3. Leverage Your Partnerships

 

Holding an annual gala doesn’t have to be a solo effort. Instead, you can leverage your existing partnerships to help offset some of the costs. Your partners can underwrite an event cost, such as your center pieces or your food, or they can donate a specific amount of cash.

 

When contacting your partner, be sure to have your pitch perfected. Proposals are not one size fits all. Know your partner’s specific initiatives and focus on the initiatives that align with the work your organization does. Include statistics about your organization, impact, and donor-profiles to help support your pitch. Additionally, detail the benefits your partner will receive, such as:

 

  • Inclusion in your programs
  • Recognition on your website/event page
  • Ability to put branded merchandise in participants’ swag bags
  • Opportunity to speak at your event

 

Don’t have a potential partner to reach out to? No problem. Just as you cultivate donors you can also cultivate event sponsors. To enhance your chances of success you should:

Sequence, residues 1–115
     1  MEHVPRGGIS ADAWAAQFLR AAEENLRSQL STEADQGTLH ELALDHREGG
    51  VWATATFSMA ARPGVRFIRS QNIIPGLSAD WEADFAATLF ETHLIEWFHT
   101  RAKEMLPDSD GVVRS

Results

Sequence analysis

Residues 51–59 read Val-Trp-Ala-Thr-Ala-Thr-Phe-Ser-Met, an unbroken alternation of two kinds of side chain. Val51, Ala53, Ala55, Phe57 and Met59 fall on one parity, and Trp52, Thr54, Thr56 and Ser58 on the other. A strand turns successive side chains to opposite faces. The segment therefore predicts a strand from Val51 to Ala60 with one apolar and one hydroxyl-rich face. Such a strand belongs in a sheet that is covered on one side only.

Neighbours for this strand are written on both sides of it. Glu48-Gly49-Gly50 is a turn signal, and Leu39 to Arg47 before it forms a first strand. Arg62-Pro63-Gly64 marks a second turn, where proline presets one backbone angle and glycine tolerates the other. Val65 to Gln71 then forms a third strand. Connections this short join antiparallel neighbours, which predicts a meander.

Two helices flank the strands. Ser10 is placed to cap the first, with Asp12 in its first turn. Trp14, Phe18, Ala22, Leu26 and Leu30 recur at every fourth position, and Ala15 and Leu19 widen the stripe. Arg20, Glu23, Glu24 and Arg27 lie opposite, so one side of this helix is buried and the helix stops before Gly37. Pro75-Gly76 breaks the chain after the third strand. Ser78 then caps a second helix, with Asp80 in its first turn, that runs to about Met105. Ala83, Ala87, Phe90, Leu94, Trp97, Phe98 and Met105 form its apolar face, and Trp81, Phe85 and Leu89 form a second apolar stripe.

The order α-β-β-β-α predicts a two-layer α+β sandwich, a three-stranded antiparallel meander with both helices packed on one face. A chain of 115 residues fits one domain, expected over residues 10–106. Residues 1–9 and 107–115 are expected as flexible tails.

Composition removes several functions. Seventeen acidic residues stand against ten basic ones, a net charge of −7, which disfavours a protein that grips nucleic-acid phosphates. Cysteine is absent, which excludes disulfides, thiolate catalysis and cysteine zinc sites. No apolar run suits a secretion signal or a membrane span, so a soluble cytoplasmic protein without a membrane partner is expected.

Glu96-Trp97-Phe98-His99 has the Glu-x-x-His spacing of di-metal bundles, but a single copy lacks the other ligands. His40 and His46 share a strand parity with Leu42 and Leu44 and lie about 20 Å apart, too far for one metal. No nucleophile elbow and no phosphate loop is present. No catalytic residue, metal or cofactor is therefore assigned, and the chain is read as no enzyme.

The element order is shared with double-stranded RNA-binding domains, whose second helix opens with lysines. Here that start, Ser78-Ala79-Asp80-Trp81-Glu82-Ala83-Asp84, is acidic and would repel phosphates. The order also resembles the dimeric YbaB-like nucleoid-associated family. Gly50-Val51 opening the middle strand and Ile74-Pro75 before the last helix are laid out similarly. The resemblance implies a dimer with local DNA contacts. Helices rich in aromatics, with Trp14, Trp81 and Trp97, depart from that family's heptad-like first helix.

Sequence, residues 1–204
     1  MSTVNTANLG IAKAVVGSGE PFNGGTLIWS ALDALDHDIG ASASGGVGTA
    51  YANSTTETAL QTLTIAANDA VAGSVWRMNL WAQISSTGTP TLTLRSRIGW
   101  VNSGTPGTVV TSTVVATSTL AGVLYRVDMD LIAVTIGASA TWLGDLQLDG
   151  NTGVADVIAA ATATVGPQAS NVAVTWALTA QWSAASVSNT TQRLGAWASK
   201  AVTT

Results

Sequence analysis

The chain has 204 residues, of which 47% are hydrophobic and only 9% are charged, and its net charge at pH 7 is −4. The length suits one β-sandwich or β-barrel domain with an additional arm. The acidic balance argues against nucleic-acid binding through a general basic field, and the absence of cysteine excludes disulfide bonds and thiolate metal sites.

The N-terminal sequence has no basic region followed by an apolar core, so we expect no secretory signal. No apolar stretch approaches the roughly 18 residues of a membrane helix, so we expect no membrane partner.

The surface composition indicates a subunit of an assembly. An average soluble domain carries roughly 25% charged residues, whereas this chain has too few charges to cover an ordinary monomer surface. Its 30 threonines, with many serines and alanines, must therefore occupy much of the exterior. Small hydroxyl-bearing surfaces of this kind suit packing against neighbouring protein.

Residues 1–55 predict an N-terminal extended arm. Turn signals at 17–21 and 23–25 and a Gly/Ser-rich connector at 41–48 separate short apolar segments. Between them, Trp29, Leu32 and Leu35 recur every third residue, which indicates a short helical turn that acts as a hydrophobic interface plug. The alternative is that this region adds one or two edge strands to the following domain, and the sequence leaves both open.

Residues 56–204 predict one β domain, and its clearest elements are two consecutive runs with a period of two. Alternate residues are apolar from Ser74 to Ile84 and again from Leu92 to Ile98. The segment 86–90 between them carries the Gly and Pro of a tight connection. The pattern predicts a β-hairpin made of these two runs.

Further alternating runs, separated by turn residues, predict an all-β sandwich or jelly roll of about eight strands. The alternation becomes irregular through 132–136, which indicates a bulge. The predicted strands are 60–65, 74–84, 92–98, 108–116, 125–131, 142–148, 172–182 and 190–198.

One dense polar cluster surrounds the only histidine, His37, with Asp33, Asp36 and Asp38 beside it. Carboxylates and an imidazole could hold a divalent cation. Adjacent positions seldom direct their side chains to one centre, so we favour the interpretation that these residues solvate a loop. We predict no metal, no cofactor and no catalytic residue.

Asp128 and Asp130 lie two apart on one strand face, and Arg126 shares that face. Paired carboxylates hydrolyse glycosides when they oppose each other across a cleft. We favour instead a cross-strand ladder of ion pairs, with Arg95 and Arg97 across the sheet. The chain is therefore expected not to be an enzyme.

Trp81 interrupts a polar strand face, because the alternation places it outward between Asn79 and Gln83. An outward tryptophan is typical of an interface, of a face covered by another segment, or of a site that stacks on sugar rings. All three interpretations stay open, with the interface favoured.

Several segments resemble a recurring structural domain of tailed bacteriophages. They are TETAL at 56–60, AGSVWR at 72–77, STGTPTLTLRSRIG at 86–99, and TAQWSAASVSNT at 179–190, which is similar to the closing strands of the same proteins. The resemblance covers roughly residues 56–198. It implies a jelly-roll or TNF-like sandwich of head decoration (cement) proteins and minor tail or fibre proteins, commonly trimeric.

1. Find an organization that shares the same passion for your cause. For example, a shelter may look to partner with a local grocery store.
  2. Leverage personal relationships. Ask board members and staff for contacts they may have at corporations that would be a good fit for your nonprofit.
  3. Showcase your donorbase. Provide your potential partner with demographics on your audience including:
    • Number of guests anticipated.
    • Number of guests in previous years.
    • Number of invitees
    • Sex
    • Socioeconomic range
    • Age range
  4. Draft sponsorship levels. Show the benefits tied to each level of sponsorship. Clearly show how sponsoring your gala could benefit a sponsor.